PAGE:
Deafness is a major health problem. ~1 in 1000 children is born deaf and a large part of the aging population is afflicted by age-related hearing loss. Many forms of hearing loss are of genetic origin, but the majority of genes that are linked to the disease still need to be identified. There is also a pressing need for animal models to study gene function in the auditory system and to develop therapeutic approaches for treating hearing loss. The long-term goal of my laboratory is to elucidate the molecular mechanisms that control sound perception and the defects in this process that cause hearing loss. As a step towards attaining this goal, we propose here to extend our forward genetic screen in mice that was initiated in the previous funding period with the aim to generate mouse lines afflicted with congenital deafness. We have in the meantime optimized our screen and hypothesize that it will provide valuable animal models for studying the molecular pathogenesis of congenital, progressive, and late-onset forms of hearing loss in humans. This hypothesis is based on our published and preliminary data, which show that we have already generated in our screen mouse lines afflicted with various forms of hearing loss caused by mutations in genes linked to the human disease. To achieve our overall goal, we will generate by ENU mutagenesis additional mouse lines with hearing impairment, positionally clone the affected genes, characterize the mice phenotypically and search for mutation in human genes orthologous to the mouse genes that we identify in our screen. As more than 60% of the genes that are linked to hearing loss still need to be identified, we anticipate that we will identify additional genes that are linked to hearing loss in humans and generate mouse models for the human disease. Our mouse lines will be valuable for testing therapeutic approaches towards treating hearing loss.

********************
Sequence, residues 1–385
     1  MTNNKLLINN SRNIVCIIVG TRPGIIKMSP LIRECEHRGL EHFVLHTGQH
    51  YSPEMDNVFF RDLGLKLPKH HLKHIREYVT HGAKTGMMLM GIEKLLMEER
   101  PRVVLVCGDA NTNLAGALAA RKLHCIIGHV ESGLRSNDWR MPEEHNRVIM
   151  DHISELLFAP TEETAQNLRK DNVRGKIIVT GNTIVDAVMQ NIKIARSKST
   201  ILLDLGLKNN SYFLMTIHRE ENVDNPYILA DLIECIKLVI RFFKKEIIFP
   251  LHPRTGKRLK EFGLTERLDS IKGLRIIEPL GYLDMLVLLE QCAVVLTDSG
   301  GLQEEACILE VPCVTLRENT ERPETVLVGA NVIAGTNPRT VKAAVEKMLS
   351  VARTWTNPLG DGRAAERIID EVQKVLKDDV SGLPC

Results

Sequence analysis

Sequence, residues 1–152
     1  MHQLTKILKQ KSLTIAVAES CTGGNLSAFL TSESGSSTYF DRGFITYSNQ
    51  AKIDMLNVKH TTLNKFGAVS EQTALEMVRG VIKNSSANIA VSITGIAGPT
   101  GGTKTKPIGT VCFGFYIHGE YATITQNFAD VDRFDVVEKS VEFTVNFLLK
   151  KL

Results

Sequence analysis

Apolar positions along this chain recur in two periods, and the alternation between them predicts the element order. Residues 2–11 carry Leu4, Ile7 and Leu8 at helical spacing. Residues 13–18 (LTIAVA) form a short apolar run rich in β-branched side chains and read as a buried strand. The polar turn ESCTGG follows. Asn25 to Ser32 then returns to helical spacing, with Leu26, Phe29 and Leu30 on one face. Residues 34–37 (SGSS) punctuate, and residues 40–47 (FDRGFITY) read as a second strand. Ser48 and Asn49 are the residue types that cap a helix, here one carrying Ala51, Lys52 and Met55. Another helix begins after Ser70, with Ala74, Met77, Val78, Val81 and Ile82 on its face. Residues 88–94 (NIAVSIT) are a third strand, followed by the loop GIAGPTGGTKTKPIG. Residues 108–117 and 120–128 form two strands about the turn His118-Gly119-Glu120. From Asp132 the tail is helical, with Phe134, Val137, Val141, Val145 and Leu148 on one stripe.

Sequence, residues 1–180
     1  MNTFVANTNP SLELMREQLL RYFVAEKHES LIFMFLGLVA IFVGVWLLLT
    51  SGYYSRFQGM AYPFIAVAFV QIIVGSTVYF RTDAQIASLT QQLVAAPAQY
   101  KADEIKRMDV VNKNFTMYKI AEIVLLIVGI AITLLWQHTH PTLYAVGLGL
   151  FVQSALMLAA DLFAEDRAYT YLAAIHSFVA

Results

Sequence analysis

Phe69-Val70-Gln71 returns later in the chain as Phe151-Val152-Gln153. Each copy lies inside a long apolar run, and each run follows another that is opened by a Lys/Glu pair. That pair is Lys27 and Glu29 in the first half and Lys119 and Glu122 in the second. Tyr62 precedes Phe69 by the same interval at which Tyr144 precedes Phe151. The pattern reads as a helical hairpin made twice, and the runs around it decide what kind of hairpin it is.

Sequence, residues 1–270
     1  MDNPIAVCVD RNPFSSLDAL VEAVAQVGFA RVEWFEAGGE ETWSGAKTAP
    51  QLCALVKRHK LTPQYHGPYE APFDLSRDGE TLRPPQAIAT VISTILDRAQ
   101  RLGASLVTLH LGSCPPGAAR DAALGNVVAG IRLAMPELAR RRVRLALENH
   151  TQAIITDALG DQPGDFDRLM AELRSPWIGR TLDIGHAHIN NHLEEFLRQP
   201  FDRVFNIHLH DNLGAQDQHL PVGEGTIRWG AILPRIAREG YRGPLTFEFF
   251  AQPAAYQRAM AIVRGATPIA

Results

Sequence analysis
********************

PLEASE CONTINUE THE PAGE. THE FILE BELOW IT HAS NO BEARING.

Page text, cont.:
Public Health Relevance

Hearing loss is a major health problem and frequently of genetic origin, but the majority of genes that are linked to the disease is not known. We propose here to generate by mutagenesis mouse models with defects in auditory function to identify gene mutations that cause deafness. We will determine the extent to which mutations in human genes orthologous to the mouse genes affect hearing and study disease mechanisms.

National Institute of Health (NIH)
National Institute on Deafness and Other Communication Disorders (NIDCD)
Research Project (R01)
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Study Section
Auditory System Study Section (AUD)
Program Officer
Watson, Bracie
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Scripps Research Institute
La Jolla
United States
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